‘Pandemic Pets’ in Multifamily Communities Rules vs. Reasonable Accommodation

The coronavirus crisis has forced many unwelcome changes on households around the world—but it has also allowed or inspired some to make lifestyle choices that were impractical or otherwise out of reach before. One such choice has been to acquire a pet. With travel restricted, and working and schooling largely happening at home, households across the country decided that if there was ever a time to add a furry (or feathered, or scaly) friend to the family, this was it. 

 But for the 74 million Americans who live in communities managed by homeowners associations or cooperative corporations, according to estimates by the Community Associations Institute (CAI), bringing a pet home involves considerations that those in detached, single-family homes don’t have to contend with. For one thing, many communities simply prohibit pets altogether. Of those that do welcome pets, most have rules—which residents agreed to follow upon becoming a unit owner or shareholder—limiting the species, breeds, sizes, or number of animals residents can harbor in their homes, as well as registration requirements and rules about where the pets are allowed to be on the property. And it’s a given that no pet may interfere with the habitability or quiet enjoyment of their neighbors’ homes.

 Along with the rules, there are practical considerations for would-be pet owners, too. In many multifamily communities, having a pet—especially one that needs to go out several times a day like a dog—requires taking that animal through the property’s common areas: the hallways, lobbies, elevators, vestibules, outdoor paths, and so forth. With the ongoing pandemic keeping people at home, that means more interactions between pets, their owners, and their neighbors. An unruly or aggressive pet in an enclosed space (like an elevator or stairwell) is a big problem; it’s also problematic for someone who’s highly allergic to fur or dander. And while vaccination rates are improving and mask requirements in common areas are de rigueur, there’s still a pandemic on; many residents are understandably un-thrilled at the prospect of crowded elevators and lobbies full of rambunctious pups and their owners trying to get outside for morning walkies.   

 Pet, or Emotional Support Animal?

 According to managers, attorneys, and boards, claims for special accommodations for emotional support animals (ESAs) have been trending upward in condo associations and co-ops around the country for the last several years, starting around 2015. Jim Yost, owner of Elite Management and Advisory Services, LLC and managing partner of Ocean Property Management Corporation based in Wildwood, New Jersey, says he thinks the uptick may be linked to commercial airlines changing or clarifying their policies around animals riding in the cabin— specifically their distinctions (or lack thereof) between official service animals, ESAs (also known as ‘comfort animals’), and pets. He suspects that different classifications between airlines have resulted in a lot of conflation of terms and  willful misuse of the various designations.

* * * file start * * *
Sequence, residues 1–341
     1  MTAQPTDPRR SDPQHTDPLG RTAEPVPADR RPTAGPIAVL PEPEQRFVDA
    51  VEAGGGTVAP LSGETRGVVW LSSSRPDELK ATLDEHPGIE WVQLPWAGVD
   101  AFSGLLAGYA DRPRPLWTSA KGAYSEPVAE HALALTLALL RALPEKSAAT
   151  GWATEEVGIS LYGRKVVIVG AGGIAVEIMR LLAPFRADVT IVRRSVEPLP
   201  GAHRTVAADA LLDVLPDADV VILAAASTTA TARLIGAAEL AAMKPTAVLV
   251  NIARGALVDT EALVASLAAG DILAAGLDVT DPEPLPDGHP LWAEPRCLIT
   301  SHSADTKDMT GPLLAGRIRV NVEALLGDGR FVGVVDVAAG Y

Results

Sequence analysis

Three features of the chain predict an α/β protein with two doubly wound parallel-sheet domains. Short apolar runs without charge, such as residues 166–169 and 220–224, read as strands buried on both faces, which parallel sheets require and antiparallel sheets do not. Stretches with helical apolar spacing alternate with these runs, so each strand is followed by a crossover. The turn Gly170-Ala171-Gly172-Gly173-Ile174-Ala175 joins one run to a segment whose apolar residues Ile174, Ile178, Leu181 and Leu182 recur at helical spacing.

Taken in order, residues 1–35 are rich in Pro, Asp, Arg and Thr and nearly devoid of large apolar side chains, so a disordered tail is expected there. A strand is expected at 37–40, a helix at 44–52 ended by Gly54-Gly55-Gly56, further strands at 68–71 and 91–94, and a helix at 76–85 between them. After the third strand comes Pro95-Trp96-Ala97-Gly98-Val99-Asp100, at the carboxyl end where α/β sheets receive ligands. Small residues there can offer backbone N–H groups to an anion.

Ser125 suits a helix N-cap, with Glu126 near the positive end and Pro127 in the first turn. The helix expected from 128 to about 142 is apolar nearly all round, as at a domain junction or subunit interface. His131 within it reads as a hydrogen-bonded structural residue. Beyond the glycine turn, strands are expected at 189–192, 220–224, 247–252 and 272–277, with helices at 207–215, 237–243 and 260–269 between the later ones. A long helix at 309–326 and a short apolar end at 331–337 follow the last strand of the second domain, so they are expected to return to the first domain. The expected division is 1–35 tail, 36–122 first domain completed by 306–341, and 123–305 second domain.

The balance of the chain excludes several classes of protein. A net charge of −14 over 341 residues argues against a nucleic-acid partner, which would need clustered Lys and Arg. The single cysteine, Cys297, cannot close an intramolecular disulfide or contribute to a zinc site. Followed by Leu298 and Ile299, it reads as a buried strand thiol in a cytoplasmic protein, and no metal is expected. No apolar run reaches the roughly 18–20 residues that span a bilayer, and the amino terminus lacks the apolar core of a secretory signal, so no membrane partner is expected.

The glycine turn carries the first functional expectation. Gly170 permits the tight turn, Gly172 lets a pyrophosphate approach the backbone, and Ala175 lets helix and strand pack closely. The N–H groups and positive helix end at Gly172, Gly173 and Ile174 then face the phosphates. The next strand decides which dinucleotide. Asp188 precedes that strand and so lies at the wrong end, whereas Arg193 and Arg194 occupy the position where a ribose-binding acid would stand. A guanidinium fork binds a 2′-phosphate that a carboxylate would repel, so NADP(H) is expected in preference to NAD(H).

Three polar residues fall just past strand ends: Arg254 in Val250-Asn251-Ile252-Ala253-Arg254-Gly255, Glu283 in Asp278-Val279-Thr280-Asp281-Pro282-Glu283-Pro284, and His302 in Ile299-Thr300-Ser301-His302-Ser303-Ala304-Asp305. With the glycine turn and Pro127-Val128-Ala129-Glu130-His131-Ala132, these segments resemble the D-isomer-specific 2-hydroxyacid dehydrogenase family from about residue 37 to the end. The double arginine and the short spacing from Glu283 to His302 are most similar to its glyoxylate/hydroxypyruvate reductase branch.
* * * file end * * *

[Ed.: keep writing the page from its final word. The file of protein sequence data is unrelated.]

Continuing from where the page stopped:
First, let’s get those distinctions out of the way. The Americans with Disabilities Act (ADA) defines service animals as dogs (and only dogs as of March 15, 2011, although there are separate provisions for certain miniature horses) that are individually and specially trained to do work or perform specific tasks for people with disabilities in direct relation to those specific disabilities, such as a guide dog for someone with legal blindness, or an alert dog for someone with a seizure disorder. Dogs whose sole function is to provide comfort or emotional support do not qualify as service animals under the ADA. However, multifamily buildings and communities are subject to rules and guidelines of the U.S. Department of Housing and Urban Development (HUD) and the federal Fair Housing Act (FHA). Notably, HUD does include animals that provide emotional support in its definition of “assistance animals,” and distinguishes those animals from “pets” if that support “alleviates one or more identified effects of a person’s disability.”


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